for greatly increased new appropriations and
authorizations to carry on what we have begun.
I also ask this Congress for authority and for
funds sufficient to manufacture additional
munitions and war supplies of many kinds, to be
turned over to those nations which are now in
actual war with aggressor nations.
Our most useful and immediate role is to act as
an arsenal for them as well as for ourselves.
They do not need man power, but they do need
billions of dollars worth of the weapons of
The time is near when they will not be able to
pay for them all in ready cash. We cannot, and
we will not, tell them that they must surrender,
merely because of present inability to pay for
the weapons which we know they must have.
I do not recommend that we make them a loan of
dollars with which to pay for these weapons--a
loan to be repaid in dollars.
I recommend that we make it possible for those
nations to continue to obtain war materials in
the United States, fitting their orders into our
own program. Nearly all their materiel would, if
the time ever came, be useful for our own
Taking counsel of expert military and naval
authorities, considering what is best for our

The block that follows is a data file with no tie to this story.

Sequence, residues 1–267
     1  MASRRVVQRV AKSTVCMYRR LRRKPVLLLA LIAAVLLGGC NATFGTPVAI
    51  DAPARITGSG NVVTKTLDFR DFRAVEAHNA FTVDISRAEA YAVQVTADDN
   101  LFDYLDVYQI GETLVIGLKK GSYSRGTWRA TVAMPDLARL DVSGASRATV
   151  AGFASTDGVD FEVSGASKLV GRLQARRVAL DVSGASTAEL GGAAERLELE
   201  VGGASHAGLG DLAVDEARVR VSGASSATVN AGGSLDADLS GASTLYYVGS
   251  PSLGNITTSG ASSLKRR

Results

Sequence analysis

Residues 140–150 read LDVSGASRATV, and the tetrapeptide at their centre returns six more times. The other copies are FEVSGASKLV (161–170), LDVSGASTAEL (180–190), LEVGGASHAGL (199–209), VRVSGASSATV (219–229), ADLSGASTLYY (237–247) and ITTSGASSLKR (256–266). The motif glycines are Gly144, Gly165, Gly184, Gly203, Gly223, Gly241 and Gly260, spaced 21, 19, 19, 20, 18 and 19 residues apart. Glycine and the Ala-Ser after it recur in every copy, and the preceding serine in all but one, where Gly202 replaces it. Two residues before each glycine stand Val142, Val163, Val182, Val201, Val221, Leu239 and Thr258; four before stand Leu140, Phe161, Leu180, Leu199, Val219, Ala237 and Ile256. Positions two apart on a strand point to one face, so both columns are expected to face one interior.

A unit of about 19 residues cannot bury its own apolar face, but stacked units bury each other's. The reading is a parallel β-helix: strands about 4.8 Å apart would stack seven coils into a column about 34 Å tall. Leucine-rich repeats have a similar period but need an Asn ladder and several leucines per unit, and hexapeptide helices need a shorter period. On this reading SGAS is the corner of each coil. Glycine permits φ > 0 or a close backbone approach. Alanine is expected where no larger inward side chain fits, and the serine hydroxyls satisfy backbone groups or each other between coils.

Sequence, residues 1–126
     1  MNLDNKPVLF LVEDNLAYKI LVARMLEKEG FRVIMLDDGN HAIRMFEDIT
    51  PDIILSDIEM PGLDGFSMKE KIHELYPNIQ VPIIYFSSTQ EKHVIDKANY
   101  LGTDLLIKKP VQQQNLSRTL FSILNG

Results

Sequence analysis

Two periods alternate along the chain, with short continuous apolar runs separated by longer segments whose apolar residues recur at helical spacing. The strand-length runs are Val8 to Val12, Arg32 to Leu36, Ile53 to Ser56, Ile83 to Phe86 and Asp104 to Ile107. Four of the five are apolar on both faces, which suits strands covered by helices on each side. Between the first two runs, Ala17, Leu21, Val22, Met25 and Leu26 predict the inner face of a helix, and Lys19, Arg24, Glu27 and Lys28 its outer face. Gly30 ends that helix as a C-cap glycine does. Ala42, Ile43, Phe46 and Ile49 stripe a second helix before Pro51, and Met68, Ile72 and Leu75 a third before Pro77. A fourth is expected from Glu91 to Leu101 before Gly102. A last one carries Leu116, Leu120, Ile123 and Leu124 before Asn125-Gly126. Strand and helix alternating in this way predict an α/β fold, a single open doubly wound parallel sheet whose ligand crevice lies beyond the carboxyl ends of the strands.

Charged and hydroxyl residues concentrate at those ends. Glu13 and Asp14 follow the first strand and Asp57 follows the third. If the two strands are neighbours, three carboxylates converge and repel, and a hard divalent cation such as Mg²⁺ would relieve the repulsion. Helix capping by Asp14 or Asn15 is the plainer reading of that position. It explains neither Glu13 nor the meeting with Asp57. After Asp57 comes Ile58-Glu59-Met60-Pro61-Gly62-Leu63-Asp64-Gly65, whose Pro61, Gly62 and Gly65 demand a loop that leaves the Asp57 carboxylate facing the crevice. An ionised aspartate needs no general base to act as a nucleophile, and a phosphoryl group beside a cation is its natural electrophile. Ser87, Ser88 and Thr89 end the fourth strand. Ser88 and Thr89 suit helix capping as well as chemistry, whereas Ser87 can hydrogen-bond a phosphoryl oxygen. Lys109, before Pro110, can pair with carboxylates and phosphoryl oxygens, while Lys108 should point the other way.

own security, we are free to decide how much
should be kept here and how much should be sent
abroad to our friends who by their determined
and heroic resistance are giving us time in
which to make ready our own defense.
For what we send abroad, we shall be repaid
within a reasonable time following the close of
hostilities, in similar materials, or, at our
option, in other goods of many kinds, which they
can produce and which we need.
Let us say to the democracies: "We Americans are
vitally concerned in your defense of freedom. We
are putting forth our energies, our resources
and our organizing powers to give you the
strength to regain and maintain a free world. We
shall send you, in ever-increasing numbers,
ships, planes, tanks, guns. This is our purpose
and our pledge."
In fulfillment of this purpose we will not be
intimidated by the threats of dictators that
they will regard as a breach of international
law or as an act of war our aid to the
democracies which dare to resist their
aggression. Such aid is not an act of war, even
if a dictator should unilaterally proclaim it so
When the dictators, if the dictators, are ready
to make war upon us, they will not wait for an
act of war on our part. They did not wait for
Norway or Belgium or the Netherlands to commit
an act of war.
Their only interest is in a new one-way
international law, which lacks mutuality in its
observance, and, therefore, becomes an
instrument of oppression.
The happiness of future generations of Americans
may well depend upon how effective and how